In loving memory of Jen Ogg
Published June 4, 2020 by Rudi and Freyja al-Shaibany
In loving memory of our mummy.
29.06.80 – 08.07.19
Always missed. Always with us, forever remembered and loved.
‘Blackbird singing in the dead of night
Take these broken wings and learn to fly’
Supporting our City
Published April 12, 2020 by Beltane Fire Society
The members of Beltane Fire Society wanted to give back to both the city that hosts our amazing festival as well as supporting our planet by helping to plant more trees.
In memory of my step-son Dr Will Reid
Published January 31, 2020 by Anne Reid
For William, remembering the many happy times we all spent with you on Blackford Hill.
It was a privilege to have you in our lives.
In memory of Libby Scott
Published December 18, 2019 by Juliette Scott
Your copper beech tree mum – enjoy the view!
Your beloved daughter, Jules
Nan and Jack Hullah
Published December 16, 2019 by Nancy Rosemary Harper
In loving memory of my Mum and Dad, who loved the countryside. Their garden was a joy to them and gave pleasure to many others. A thing of beauty is a joy forever.
For our Volunteer Community
Published November 20, 2019 by Beltane Fire Society
This donation was chosen by our volunteer community as part of our charities commitment to offsetting our carbon footprint. We thank our volunteers for pushing us to look after the environment that we share and work, live and play within.
Published June 28, 2019 by KENNETH & CATHERINE MACARTHUR
Forever in our thoughts.
So little time, so many memories.
Always thinking of you.
Mum & Dad.
The value of trees
Published June 21, 2019 by Dr Katherine Edward
Never underestimate the restorative value of green spaces and trees, they are essential to our mental welfare
Dr Peter Hall. 1931-2016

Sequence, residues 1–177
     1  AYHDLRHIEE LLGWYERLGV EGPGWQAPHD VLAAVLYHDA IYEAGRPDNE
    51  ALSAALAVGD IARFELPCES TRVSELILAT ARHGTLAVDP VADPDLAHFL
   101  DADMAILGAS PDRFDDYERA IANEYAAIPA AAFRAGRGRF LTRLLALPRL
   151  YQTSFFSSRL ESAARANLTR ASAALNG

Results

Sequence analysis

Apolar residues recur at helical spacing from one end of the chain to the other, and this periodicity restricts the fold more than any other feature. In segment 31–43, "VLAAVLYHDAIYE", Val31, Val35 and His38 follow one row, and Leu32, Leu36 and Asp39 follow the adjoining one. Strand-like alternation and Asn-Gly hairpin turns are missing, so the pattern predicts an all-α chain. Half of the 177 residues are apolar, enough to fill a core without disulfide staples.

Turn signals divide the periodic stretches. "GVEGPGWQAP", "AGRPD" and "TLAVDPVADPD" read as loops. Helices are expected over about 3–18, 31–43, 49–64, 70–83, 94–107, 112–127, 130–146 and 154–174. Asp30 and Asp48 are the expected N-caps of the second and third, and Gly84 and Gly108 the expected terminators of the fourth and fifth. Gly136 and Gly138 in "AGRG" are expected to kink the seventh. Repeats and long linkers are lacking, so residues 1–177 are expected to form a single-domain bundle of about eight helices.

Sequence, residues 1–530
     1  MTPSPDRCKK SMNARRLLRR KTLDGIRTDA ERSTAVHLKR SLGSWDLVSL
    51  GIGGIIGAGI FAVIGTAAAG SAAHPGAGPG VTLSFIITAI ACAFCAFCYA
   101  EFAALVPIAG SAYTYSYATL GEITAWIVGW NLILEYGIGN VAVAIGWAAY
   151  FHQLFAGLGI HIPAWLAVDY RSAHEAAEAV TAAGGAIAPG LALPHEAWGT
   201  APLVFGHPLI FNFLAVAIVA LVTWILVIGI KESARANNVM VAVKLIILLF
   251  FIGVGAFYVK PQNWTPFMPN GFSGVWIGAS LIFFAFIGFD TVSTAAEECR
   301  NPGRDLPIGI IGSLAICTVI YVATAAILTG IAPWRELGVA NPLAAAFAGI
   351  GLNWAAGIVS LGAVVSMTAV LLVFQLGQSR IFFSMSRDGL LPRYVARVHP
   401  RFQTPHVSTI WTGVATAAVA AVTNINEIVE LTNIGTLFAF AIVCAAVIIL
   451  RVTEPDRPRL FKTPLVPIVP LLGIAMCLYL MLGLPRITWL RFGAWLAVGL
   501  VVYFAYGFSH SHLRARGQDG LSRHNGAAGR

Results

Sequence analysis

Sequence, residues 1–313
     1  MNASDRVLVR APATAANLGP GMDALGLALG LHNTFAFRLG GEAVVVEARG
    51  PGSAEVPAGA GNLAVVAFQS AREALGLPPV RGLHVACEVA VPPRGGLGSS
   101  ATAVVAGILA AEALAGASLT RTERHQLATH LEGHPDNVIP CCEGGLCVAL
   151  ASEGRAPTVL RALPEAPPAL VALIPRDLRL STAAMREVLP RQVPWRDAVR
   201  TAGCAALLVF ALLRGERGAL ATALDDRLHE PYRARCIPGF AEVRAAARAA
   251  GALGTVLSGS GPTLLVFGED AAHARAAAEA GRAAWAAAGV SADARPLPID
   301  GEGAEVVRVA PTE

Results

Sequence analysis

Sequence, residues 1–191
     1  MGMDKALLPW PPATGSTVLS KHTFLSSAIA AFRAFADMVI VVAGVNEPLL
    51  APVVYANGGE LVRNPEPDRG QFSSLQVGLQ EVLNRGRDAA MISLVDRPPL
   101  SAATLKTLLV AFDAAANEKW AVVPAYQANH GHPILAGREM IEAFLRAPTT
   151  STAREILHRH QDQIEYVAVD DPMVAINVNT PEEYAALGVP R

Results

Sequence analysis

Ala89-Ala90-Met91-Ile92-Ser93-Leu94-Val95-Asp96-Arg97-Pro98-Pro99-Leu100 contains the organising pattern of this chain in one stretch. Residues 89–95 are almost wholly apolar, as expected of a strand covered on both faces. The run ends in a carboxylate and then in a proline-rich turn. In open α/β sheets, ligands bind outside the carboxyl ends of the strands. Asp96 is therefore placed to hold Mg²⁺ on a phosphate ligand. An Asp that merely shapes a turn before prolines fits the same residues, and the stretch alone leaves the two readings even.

Published May 15, 2019 by Peter Hall
My father was born Petra Hecht in Czechoslovakia in 1931, escaping to England with his parents after their home was ransacked by the Gestapo while they were sheltering with family after the Nazi invasion. He settled in England, completed his national service with the RAF as a Wing Commander and eventually became a senior consultant psychiatrist. He worked for many years in the NHS and pioneered much of the work around “care in the community” and later specialised in eating disorders.
To me and my two brothers he was just “Dad”. I remember fondly all those childhood moments with him that seemed inconsequential at the time and only now do I realise how precious they were: walks in the countryside, family holidays and his amazing ability to blow double smoke rings when smoking his pipe!
He was very keen on his trees and long recognised the importance of a good quality environment to mental health. His Phd in 1963 was on this very subject. Although he settled and brought up his family South of the border he was very familiar and fond of Edinburgh. As a newly qualified doctor in the 1950s he served as a locum in Leith for a few months and was a regular visitor when I settled in Edinburgh in the 90s. He always said that Edinburgh reminded him a little of Prague and I know that both professionally and personally, he would very much approve of any work to protect and enhance the benefits from the trees of Edinburgh.